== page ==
by Carl V Phillips
A new paper in the normally more-respectable BMC Public Health, by never-respectable ANTZ at the University of California (San Francisco) reports research that mostly showed that, if people were given disinformation claiming (nonexistent) health effects from smokeless tobacco and e-cigarettes, accompanied by gory pictures, then they will be tricked into to thinking the risk was higher. Surprise!
Well, of course, it is no surprise that people can be tricked and no surprise that UCSF “researchers” would conduct such unethical research. It is rather more of a surprise that the non-ANTZ BMC Public Health would publish it and that an ethics committee would allow it to be done. Ok, maybe not the latter — the ethics committees are pretty much in the pocket of public health. That committee at UCSF probably would never allow, say, Farsalinos’s survey of e-cigarette users, and would trump up some claim that it was a threat to the study subjects, whereas they allowed serial liars Lucy Popova and Pamela M Ling a free hand to tell people they might as well smoke.
Anyway, Clive Bates was first off the block in responding to this travesty, and he covered the breadth of it well, so I am not going to reinvent the wheel here. Go read what he wrote first. Then come back to this, wherein I go deeper into a few specific points.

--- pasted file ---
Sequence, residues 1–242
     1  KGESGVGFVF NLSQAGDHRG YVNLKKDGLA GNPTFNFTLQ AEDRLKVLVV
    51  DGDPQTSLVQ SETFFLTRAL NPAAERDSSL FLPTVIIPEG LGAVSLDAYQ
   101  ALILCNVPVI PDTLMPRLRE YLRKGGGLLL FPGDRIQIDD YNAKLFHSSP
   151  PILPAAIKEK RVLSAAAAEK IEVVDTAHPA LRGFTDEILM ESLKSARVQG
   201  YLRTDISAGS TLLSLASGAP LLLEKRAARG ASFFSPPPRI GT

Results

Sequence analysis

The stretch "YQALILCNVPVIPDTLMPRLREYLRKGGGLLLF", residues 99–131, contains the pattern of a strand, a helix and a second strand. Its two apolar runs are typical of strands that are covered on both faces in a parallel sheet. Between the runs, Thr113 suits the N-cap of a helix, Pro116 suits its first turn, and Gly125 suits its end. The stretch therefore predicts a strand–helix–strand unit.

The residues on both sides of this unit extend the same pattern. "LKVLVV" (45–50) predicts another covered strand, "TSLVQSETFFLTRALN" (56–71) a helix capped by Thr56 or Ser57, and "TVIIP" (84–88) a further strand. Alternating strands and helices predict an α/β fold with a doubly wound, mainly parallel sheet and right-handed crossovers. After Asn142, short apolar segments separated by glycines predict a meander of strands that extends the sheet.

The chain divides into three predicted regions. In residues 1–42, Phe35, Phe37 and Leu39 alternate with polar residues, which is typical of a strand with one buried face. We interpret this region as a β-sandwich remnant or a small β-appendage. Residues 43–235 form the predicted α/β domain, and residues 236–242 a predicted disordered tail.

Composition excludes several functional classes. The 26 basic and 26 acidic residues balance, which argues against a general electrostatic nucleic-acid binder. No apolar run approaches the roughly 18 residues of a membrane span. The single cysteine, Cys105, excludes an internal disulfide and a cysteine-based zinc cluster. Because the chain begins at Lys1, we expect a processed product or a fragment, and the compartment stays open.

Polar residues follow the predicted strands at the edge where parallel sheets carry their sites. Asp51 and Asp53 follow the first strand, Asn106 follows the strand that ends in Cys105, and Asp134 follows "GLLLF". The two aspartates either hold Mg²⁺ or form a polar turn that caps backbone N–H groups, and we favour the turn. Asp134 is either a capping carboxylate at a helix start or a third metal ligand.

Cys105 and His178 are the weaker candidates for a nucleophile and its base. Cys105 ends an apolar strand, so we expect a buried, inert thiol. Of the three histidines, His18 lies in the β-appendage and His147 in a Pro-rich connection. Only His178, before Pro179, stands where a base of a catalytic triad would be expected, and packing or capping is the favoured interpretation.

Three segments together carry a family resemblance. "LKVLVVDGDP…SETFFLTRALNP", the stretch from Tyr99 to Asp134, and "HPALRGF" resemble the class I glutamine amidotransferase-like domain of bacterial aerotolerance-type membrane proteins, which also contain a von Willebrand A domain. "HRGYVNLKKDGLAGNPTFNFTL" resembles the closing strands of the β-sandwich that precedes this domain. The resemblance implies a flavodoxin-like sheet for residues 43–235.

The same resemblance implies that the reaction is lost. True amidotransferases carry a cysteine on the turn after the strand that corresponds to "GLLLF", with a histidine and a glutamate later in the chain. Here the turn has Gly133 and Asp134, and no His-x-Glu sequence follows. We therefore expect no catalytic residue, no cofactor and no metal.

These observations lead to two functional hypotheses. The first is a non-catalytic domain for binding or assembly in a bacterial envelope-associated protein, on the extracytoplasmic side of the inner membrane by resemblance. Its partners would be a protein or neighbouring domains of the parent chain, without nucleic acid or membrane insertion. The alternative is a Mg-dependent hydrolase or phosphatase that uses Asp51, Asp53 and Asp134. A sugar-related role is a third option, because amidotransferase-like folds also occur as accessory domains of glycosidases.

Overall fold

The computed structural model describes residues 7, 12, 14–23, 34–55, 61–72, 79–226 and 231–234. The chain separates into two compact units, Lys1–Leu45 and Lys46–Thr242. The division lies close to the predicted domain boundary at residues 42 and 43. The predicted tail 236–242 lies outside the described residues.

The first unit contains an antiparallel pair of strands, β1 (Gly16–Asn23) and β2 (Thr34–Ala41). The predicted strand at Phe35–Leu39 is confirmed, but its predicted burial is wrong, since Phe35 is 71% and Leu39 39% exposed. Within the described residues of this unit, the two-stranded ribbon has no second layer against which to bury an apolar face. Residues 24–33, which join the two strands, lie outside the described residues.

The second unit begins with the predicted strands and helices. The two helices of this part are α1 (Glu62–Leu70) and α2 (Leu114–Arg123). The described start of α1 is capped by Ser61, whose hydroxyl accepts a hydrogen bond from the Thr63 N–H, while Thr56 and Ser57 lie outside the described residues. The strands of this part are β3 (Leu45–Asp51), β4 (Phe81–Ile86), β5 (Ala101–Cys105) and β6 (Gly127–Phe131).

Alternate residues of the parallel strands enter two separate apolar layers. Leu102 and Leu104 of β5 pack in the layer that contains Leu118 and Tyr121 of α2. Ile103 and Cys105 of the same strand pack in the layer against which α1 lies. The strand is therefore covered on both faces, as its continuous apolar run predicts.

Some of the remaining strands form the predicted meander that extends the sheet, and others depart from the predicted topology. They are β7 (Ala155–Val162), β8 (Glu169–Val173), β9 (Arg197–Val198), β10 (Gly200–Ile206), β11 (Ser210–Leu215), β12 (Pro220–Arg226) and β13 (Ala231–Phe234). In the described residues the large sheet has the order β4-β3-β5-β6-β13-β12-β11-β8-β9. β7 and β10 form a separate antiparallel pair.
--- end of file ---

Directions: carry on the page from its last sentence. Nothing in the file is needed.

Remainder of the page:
The title of the article refers to warning labels and the authors use that term to refer to the gory graphics that they showed people. But those are not warning labels. “Warning” implies the transmission of information about risks that someone might decide to act upon. A graphic warning would not be a scary photograph but a picture that actually conveyed warning information. The graphic might help it stand out from the text, such as those that appear on ladders with a stick-figure standing on the top step with a red slash through it. Or it might be for communicating with the pre-literate, like the “Mr. Yuck” image on a poisonous household products, or across language barriers.
Most important, a warning is something that communicates factual information that allows people to more accurately assess risks. The warning on the ladder does not convey the message “if you step on the top step, you will die from Ebola tomorrow.” If it did (imagine for the moment people would believe it), then it would definitely keep people off of the top step, but not because it warned them of the risk, but because it lied to them about a non-existent risk. A statement on a low-risk tobacco product that says, in effect, “this is as harmful as smoking” is not a warning, then, but a manipulative lie. Popova and Ling were testing the effects of lies, not warnings.